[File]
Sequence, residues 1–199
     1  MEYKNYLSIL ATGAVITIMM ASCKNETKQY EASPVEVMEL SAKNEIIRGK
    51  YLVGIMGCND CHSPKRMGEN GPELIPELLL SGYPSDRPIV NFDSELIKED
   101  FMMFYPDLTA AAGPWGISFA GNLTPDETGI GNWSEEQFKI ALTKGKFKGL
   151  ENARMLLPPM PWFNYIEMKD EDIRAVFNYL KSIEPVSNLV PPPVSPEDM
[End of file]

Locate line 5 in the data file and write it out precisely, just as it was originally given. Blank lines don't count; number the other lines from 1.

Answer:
   151  ENARMLLPPM PWFNYIEMKD EDIRAVFNYL KSIEPVSNLV PPPVSPEDM